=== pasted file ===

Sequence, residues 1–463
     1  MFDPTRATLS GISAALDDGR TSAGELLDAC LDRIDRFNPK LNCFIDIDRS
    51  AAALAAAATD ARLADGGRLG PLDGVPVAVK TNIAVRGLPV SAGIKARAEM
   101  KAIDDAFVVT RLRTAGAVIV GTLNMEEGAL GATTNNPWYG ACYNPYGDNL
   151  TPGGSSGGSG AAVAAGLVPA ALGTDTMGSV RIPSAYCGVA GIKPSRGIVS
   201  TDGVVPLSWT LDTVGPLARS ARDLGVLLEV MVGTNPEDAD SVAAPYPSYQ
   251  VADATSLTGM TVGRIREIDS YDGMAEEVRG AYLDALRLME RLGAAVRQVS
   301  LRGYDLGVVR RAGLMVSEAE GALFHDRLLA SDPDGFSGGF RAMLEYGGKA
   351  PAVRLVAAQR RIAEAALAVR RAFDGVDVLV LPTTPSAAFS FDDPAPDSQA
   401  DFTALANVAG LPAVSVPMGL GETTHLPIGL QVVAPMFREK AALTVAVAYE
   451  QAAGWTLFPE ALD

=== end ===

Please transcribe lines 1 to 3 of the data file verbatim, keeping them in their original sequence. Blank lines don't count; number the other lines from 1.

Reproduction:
Sequence, residues 1–463
     1  MFDPTRATLS GISAALDDGR TSAGELLDAC LDRIDRFNPK LNCFIDIDRS
    51  AAALAAAATD ARLADGGRLG PLDGVPVAVK TNIAVRGLPV SAGIKARAEM